Tết takes place on the first month of the Lunar calendar, which tends to fall in late January or in February, and it may last up to seven days! During this festive and exciting time, families gather and people return to their hometowns, relaxing after a hard-working year. This is also a time to remember and celebrate ancestors and give thanks for a new year.
Big feasts accompany Tết, and families decorate tress, although this is not a religious holiday. During this time to begin anew, you will see houses decorated with kumquat trees and branches of peach blossoms, along with many other colorful flowers. The Vietnamese will adorn ancestral altars with fruits and other arrangements, paying tribute to those of the past.
Since Tết marks the New Year, it’s seen as very important to celebrate this day in a way that will set the tone for the coming year. Because of this, it’s a happy time full of smiling faces, good food and bright colors. Traditional Vietnamese dishes are enjoyed all throughout the holiday, with feasts including boiled chicken, pickled onions, mung bean pudding, Vietnamese sausage and red sticky rice.
The country may have a noticeably relaxed feel during Tết , and many major shops and attractions will be closed, but this is also the perfect time to enjoy Vietnam from a local’s perspective, as the focus is on the family and enjoying cultural traditions that have brought families together for hundreds of years.
Kreatini and Tyrini – Greek Pre-Lenten Feasting
In the two weeks leading up to Lent, Greece and Cyprus put the focus on meats and cheeses, enjoying the best of their national cuisines. This time, known as Apokries (Carnival), is a bright and festive time where you can see Greeks dressed in colorful garb and enjoying food and good friends in the days leading up to the fasting period of Lent.
The first week, Kreatini, is a time to enjoy traditional meat dishes such as afelia (a pork stew), tavva (baked lamb) and souvlaki (grilled, marinated lamb skewers). On Thursday’s Tsiknopempti (stinky Thursday), head out into the streets as the smoke from roasting meat should fill the streets and guide you toward your next mouth-watering meal! Head out to a Greek tavern and enjoy your meal surrounded by the festive atmosphere of your Greek hosts.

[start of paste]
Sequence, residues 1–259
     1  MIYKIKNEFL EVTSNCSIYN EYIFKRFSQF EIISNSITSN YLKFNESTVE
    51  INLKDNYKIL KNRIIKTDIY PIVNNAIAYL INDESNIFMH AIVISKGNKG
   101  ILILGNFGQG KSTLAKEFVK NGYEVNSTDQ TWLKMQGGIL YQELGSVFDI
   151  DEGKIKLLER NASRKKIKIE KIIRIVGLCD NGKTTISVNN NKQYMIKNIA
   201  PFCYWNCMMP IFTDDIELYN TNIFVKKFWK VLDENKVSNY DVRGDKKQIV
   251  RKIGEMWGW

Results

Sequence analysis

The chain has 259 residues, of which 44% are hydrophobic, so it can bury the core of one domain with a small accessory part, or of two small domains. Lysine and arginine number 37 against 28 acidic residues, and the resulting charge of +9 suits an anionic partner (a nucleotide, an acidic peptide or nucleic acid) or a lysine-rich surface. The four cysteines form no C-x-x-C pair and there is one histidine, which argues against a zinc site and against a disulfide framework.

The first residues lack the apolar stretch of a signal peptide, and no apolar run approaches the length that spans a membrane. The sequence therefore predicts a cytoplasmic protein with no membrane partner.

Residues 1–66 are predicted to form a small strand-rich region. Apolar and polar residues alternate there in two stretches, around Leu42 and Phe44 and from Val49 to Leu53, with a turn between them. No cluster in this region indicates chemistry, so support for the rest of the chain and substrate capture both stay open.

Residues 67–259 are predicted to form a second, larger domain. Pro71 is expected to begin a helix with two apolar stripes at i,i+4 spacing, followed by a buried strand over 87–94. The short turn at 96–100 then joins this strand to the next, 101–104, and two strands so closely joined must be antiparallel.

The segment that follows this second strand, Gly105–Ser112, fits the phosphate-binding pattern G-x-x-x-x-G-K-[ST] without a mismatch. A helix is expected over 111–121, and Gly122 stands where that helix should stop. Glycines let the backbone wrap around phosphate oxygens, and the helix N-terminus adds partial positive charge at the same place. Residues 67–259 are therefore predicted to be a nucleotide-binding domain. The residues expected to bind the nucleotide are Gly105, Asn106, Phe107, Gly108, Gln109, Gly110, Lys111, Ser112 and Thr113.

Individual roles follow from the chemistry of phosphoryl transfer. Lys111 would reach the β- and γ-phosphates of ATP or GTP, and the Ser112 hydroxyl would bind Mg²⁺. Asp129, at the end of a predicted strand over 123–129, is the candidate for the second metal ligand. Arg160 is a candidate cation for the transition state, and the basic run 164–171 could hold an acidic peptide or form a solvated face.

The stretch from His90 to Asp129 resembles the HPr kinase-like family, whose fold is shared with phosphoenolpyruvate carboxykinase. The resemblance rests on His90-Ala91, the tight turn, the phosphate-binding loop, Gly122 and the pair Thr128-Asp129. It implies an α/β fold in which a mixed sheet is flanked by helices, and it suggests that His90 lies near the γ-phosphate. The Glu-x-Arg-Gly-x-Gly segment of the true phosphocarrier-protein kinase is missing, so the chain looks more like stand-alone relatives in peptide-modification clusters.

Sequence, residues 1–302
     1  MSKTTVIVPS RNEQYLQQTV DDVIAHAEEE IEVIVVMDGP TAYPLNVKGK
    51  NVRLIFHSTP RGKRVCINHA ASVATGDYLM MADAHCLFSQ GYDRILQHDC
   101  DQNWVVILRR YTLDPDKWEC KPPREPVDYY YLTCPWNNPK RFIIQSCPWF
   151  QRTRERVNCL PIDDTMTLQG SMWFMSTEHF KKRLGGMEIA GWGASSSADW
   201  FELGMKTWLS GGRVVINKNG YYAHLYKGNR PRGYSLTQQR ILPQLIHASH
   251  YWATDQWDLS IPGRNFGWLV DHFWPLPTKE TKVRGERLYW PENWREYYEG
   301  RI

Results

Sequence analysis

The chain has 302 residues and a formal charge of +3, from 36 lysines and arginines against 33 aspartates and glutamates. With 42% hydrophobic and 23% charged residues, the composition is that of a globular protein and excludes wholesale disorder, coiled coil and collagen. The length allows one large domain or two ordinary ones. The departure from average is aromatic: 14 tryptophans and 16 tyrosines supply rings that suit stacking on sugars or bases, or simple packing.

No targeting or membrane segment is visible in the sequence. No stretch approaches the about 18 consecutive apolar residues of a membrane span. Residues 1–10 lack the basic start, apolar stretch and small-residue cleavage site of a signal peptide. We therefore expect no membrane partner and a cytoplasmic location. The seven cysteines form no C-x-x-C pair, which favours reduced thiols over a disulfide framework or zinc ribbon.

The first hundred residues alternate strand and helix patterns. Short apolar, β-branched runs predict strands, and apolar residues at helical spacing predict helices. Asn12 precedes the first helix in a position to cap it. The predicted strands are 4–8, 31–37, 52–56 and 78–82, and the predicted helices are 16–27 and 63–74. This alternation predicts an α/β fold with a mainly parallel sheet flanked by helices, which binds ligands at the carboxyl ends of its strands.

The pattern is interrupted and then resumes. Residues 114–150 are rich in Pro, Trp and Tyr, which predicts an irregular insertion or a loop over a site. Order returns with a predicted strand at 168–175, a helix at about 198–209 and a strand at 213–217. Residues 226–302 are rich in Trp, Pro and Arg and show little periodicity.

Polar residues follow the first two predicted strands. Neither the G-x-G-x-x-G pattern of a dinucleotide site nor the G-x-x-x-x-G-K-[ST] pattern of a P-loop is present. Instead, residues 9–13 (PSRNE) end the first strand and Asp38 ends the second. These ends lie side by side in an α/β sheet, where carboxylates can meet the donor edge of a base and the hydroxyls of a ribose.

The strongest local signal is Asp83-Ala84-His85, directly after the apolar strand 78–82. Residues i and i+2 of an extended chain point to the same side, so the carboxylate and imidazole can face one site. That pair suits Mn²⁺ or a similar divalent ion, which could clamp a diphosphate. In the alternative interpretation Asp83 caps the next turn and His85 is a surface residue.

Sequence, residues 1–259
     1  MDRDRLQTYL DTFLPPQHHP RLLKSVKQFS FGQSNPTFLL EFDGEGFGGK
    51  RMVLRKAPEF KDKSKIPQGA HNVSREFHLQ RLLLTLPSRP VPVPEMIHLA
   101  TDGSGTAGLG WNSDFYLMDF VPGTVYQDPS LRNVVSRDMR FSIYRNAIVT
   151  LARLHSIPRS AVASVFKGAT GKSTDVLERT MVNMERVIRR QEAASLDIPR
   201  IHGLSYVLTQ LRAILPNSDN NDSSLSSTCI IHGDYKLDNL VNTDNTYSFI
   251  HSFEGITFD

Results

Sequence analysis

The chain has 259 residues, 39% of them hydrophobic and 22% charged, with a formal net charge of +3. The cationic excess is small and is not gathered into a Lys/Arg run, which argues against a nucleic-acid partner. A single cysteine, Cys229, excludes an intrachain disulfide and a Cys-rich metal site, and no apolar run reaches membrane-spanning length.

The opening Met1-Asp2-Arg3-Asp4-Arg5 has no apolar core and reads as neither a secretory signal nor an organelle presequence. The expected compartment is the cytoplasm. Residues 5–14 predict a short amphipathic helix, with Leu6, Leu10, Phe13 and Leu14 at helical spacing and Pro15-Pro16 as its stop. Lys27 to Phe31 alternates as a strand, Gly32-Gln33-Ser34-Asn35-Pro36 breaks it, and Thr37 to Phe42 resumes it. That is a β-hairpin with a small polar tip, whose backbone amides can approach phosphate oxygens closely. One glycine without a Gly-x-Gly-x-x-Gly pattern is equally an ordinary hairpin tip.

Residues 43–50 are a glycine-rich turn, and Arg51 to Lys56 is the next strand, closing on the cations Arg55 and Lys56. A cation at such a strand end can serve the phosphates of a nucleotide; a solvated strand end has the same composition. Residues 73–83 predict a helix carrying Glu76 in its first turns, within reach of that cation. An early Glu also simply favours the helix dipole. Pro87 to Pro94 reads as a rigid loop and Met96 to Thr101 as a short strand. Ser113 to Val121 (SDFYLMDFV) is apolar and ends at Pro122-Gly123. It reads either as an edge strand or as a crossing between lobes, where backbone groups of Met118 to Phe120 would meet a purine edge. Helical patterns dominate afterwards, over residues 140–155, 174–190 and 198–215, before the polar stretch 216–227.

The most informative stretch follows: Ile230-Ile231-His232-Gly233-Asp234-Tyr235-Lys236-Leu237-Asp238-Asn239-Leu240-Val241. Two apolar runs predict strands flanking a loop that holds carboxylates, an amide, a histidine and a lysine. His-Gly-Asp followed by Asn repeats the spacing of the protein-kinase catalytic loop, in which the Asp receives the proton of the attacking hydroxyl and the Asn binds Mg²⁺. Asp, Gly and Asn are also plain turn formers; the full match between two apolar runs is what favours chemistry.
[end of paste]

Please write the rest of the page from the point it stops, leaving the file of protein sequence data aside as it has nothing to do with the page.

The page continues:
Can’t get enough cheese? During the second week, Tyrini, Greeks do away with meat and feast on cheese and dairy products, which aren’t traditionally consumed after Lent begins. Some specialties during this week are bourekia (sweet and savory cheese-filled pastries), ravioli stuffed with local cheese and cheese cookies coated with herbs.
These long-lasting traditions showcase the national cuisines and ensure that you will have the best dishes right at your fingertips. During this time the lively Mediterranean culture puts on a show of colors, merriment and unbeatable flavors. Take this time to explore the importance of Lent in the country’s culture while bonding over the love for the food that the Greeks hold so dear.
With so many feasts taking place around the world each year, you can’t go wrong making one of these your next cultural excursion. The role of food in cultures is always distinct and enlightening – so make it a part of your next trip and it’s sure to be a memorable way to experience a new place. Have you taken part in any feasts around the world? Share with us below!